Kim Grande did not hesitate when she was asked what compelled her to stand out in the rain Sunday afternoon and take part in a “Life Chain” of people protesting abortions.
“To me, the right to life is the most important issue facing America today,” said Grande, 49, a mother of seven from Wheatfield. “If we don’t value the lives of babies and old people, and people with disabilities, I think everything else goes down the tubes.”
Grande, a member of St. Amelia’s Catholic Church in the Town of Tonawanda, spent an hour at the intersection of Niagara Falls Boulevard and Glenalby Road in the town. She was accompanied by her husband Paul, their sons and daughters – ranging in age from 8 to 17 – and about 70 other members of her parish.
According to the Catholic Diocese of Buffalo, about 2,250 people joined the demonstration, carrying signs including “Save The Babies,” “Abortion Kills A Child” and “Adoption, Not Abortion.” The people lining Niagara Falls Boulevard stretched from Main Street in Buffalo to a location on Packard Road, 19 miles away in Niagara Falls.
The aim of the annual event is to form “a quiet, prayerful life chain,” rather than engaging in loud and angry protests, said Cheryl Calire, director of pro-life activities for the diocese.
“I was thrilled to see so many people engaging in a prayerful, peaceful way, standing up for life,” Calire said. “This is a non-confrontational event. We just try to get people to think about this very important issue for a few minutes.”
Abortion has been legal in the United States since 1973, when the Supreme Court issued the landmark Roe vs. Wade decision, giving women the right to choice.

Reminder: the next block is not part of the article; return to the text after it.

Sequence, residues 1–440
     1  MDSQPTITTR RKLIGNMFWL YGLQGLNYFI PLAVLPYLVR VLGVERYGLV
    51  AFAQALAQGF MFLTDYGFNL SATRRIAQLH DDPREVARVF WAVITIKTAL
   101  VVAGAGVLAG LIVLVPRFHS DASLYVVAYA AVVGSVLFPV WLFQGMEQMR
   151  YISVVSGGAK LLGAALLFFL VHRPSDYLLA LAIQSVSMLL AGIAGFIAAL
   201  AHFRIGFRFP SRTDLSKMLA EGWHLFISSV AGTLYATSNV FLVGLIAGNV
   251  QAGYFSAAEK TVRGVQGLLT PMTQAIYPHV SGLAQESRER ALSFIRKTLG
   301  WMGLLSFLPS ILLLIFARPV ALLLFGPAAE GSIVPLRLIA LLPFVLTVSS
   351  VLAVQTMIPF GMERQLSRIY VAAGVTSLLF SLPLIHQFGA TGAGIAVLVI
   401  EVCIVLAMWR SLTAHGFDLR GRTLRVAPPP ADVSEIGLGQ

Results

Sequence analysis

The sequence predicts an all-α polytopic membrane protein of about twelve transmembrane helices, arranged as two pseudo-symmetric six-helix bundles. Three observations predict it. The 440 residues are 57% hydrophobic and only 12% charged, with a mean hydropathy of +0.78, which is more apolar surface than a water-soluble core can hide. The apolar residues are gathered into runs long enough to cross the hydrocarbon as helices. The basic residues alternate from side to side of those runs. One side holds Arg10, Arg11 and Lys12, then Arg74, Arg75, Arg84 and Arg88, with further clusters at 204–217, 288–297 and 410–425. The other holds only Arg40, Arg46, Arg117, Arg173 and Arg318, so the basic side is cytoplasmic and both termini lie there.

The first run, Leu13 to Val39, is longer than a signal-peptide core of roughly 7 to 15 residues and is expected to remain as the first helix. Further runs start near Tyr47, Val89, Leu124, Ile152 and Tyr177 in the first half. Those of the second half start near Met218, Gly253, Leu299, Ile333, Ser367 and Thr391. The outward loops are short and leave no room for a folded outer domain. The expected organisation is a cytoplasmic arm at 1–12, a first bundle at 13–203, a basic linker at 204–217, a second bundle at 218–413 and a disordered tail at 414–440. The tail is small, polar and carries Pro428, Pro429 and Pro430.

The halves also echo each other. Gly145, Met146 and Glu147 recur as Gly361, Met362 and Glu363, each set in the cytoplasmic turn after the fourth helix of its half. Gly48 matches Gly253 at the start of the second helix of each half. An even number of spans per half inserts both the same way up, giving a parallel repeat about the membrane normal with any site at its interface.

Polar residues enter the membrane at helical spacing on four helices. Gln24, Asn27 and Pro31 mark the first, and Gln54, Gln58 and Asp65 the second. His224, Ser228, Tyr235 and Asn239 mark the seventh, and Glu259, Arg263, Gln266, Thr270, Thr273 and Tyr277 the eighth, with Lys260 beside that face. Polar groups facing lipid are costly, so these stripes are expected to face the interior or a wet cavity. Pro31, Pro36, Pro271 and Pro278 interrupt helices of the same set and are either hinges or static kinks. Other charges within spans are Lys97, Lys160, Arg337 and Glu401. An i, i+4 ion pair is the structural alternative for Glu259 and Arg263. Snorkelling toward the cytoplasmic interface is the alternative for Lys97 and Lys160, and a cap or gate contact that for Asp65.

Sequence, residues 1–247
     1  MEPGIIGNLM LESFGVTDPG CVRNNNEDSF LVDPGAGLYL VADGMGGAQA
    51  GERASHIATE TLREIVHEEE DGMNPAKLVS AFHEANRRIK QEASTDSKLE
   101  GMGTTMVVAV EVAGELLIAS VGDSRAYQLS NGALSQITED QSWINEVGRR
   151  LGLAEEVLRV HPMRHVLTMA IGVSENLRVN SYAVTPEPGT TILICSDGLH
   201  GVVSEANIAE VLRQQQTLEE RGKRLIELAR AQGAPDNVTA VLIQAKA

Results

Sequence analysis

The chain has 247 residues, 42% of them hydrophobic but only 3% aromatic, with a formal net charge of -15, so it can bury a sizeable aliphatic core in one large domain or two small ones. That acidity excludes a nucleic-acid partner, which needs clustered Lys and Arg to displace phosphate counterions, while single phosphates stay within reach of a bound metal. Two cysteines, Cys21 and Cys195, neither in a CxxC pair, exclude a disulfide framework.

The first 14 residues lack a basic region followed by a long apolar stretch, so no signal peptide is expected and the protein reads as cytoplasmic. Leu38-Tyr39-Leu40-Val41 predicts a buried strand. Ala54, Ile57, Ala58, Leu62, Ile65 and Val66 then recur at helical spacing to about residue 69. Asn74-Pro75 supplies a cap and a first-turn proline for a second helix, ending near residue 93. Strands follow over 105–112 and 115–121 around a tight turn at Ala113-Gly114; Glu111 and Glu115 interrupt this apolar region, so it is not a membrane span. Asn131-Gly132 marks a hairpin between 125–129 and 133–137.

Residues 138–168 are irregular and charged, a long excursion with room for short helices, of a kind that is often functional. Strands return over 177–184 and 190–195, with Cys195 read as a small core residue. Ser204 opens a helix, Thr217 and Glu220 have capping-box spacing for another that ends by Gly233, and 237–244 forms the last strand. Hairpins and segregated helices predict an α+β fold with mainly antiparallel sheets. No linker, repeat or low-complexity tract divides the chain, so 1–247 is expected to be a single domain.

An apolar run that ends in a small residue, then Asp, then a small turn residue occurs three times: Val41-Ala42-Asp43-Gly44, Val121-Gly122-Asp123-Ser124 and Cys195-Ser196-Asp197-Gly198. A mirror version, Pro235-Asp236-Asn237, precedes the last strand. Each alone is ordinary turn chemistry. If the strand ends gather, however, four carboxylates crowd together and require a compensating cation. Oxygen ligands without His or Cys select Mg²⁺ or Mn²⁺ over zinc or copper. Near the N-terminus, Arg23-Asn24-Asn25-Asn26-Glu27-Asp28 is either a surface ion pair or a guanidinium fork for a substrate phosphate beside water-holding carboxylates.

Polls show that many Americans do not agree with the Catholic Church’s position that abortion is wrong in every circumstance and should be totally illegal.
In a nationwide Gallop poll taken earlier this year, 25 percent of people said abortion should be legal in all circumstances. Fifty-two percent said it should only be legal in certain circumstances.
Twenty percent said it should be illegal in all circumstances, and three percent said they had no opinion.
Although the issue of legalized abortion is important to millions of Americans, Grande and Polly Laudan, another demonstrator from the same parish, said they are surprised and disappointed at how little has been said about abortion during the current, heated campaign for president.
Laudan said she believes “the mainstream media” intentionally downplays the controversy.
Grande said she thinks the issue is a difficult one for many people, including those in politics and the media, because “it is so polarizing.”
“I think there are a lot of people in this country who have mixed feelings about it. They have decided to be undecided about the issue,” Grande said.
Both Grande and Laudan said they are convinced that Republican candidate Mitt Romney will do more to prevent abortions than the incumbent president, Barack Obama.
Obama has repeatedly gone on record as strongly pro-choice. He has said a woman’s right to choose abortion is a “fundamental constitutional right.”
Romney, for many years, said he supported a woman’s right to choice, but during the current campaign, he has stated that he is strongly opposed to abortion, except in cases of incest or rape.
As he stood in the rain on Sunday, Monsignor Thomas F. Maloney, the pastor of St. Amelia’s, said he hopes there will be plenty of discussion about abortion as the national campaign enters its final weeks.
“A woman’s right to choose, and her baby’s right to live – that’s an important issue. That is something that ought to be discussed a lot,” Maloney said. “To me, the right to life is the first, inalienable right for every person. That’s why I am out here today.”
As part of the diocese’s “Respect Life Sunday,” the region’s new bishop, Bishop Richard J. Malone, led a mass for 500 people at St. Joseph Cathedral in downtown Buffalo. A large rosary, made up of helium-filled balloons, was released into the morning sky after the service.